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Jul 2, 2010The San Marcos Independent School District in central Texas is considering adoption of an abstinence-plus sex ed curriculum in place of the current abstinence-only curriculum. This is good news. Now, students in San Marcos Texas will have the chance to learn medically accurate information about contraceptives – something that has been deprived of them up until this point.This has a potential to be a major victory in a growing area. These proposed changes are desperately needed. Like many Texas school districts, sex-ed is never actually taught, even if the curriculum is abstinence-only.Often, sex-ed is ignored because educators have not been trained on how to properly administer the curriculum. This leads to outside contractors giving sex ed instruction in schools, which can often be a very poor situation.“Guettner said sex education is not in the high school’s master schedule and teachers find it awkward to teach.”By implementing these changes, sex-ed could receive the proper amount of attention in San Marcos it deserves and no longer be pushed to the side.“The district currently uses an ‘abstinence only’ curriculum called ‘Worth the Wait’ for grades 6-8 and high school. Although the district uses the program, San Marcos CISD Director of Curriculum and Instruction Pam Guettner said sex education ‘has probably not been taught very often.’”The new curriculum, Big Decisions, is abstinence-plus and does a good job of encouraging students to explore the options available to them, including contraception. The information in this proposed curriculum is medically accurate and is currently taught in Austin ISD.The SHAC, or School Health Advisory Committee, made the proposal to change the curriculum to abstinence-plus.“On May 27, the district’s School Health Advisory Council (SHAC) recommended switching to abstinence plus curricula, and a district ad hoc committee of about 20 parents, clergy, other community members and staff supported abstinence plus.”SHACs can be a tool you can use to effect real change in your community. Students can join SHACs and help to recommend comprehensive sex-ed. Not all states have SHACs, but many states have similar community-outreach groups that are run by school districts. Join yours today and make sure your voice is heard. You can learn more about SHACs and what it is like to serve on one by watching this video of Mackenzie, a Youth Leadership Council member in Austin, Texas.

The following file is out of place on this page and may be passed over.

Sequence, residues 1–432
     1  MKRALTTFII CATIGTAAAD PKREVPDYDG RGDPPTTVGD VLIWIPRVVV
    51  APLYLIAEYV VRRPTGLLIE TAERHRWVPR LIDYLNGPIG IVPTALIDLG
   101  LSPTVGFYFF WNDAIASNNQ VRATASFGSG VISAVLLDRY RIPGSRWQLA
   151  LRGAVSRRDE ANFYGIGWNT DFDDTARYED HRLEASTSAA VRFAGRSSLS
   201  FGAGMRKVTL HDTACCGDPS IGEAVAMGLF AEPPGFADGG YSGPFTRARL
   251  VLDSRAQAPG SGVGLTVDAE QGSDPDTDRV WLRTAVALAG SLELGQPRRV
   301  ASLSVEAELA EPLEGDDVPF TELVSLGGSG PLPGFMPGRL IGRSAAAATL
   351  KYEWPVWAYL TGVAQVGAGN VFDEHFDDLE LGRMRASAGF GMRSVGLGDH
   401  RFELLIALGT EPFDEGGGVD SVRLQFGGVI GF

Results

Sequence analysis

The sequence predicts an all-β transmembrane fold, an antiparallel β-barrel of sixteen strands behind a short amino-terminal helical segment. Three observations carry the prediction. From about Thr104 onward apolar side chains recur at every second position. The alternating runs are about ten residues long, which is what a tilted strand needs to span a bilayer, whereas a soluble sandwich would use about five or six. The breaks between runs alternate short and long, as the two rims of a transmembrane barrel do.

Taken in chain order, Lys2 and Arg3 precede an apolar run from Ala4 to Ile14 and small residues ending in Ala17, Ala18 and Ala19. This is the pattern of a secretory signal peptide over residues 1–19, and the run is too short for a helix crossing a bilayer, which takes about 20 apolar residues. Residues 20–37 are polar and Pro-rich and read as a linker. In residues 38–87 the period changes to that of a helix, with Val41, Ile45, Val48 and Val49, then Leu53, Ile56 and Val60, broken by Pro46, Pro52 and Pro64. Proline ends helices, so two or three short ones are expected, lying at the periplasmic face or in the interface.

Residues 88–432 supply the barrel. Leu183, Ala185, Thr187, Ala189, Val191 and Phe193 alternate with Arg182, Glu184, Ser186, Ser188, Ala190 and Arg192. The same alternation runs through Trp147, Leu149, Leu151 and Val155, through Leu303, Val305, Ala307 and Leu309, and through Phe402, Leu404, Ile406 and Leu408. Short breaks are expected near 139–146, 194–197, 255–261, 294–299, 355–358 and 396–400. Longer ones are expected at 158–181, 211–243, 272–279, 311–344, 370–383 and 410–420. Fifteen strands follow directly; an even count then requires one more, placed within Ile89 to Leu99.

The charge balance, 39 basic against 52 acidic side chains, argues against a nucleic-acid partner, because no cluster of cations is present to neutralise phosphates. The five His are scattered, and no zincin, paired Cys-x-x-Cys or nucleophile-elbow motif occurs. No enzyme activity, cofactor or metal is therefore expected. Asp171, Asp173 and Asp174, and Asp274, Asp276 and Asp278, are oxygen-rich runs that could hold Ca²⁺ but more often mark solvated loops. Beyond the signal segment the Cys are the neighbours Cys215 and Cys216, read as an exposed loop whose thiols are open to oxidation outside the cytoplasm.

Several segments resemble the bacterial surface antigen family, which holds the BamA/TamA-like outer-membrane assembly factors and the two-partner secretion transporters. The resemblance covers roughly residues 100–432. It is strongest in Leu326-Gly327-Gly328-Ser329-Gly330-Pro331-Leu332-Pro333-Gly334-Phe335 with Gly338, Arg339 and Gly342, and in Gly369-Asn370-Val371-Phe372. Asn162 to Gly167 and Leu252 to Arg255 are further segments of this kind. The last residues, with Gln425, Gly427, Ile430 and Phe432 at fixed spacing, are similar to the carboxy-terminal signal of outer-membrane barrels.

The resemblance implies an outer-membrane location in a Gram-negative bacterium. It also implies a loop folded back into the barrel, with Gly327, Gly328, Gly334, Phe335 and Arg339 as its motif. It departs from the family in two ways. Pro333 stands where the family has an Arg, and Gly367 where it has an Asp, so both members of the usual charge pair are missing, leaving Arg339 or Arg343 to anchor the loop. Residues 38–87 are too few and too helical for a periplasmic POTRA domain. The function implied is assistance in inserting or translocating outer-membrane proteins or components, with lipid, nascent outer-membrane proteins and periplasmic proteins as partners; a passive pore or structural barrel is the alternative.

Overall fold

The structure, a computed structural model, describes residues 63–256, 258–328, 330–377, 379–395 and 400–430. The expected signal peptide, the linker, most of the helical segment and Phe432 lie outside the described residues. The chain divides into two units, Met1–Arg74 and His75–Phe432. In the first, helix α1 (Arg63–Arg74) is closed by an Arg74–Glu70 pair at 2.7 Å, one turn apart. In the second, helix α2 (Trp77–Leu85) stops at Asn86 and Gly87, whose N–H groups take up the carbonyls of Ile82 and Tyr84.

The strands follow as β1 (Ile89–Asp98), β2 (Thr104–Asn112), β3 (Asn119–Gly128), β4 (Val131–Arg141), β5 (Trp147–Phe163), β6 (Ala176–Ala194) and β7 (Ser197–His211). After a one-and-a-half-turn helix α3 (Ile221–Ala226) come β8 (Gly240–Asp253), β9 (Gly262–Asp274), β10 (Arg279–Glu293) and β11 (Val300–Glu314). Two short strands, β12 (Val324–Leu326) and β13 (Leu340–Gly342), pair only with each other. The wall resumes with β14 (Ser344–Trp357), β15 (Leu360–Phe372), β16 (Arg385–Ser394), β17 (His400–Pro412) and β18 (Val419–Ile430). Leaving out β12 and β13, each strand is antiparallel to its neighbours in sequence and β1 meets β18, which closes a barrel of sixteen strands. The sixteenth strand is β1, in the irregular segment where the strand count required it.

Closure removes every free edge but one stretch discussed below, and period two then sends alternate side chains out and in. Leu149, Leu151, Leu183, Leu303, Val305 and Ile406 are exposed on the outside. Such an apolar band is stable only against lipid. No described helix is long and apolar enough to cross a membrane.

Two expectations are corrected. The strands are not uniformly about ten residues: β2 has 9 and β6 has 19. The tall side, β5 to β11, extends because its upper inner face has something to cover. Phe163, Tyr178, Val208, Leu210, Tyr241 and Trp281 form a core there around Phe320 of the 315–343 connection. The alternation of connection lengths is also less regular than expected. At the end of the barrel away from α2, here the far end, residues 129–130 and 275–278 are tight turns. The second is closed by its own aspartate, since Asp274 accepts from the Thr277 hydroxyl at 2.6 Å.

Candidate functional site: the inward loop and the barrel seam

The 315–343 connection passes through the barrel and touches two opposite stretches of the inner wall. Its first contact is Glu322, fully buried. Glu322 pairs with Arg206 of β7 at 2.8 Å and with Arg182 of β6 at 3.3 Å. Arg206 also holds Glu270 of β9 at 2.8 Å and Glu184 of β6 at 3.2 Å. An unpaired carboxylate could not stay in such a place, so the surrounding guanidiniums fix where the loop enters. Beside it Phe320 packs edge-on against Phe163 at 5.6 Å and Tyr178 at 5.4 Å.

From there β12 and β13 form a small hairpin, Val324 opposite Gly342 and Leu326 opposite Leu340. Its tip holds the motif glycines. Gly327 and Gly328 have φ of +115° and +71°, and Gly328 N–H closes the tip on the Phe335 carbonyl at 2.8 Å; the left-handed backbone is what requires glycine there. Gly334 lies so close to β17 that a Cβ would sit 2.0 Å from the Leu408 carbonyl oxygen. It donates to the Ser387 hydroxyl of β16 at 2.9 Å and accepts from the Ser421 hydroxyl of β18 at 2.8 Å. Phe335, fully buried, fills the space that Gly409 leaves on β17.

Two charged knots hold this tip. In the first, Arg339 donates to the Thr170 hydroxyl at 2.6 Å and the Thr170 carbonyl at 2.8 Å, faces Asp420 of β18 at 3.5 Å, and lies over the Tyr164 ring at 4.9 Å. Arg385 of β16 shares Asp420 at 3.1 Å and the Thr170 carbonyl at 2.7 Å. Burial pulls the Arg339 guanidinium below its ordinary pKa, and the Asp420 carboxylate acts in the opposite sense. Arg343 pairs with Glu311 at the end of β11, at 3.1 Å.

You can read more about the story at the San Marcos Local News.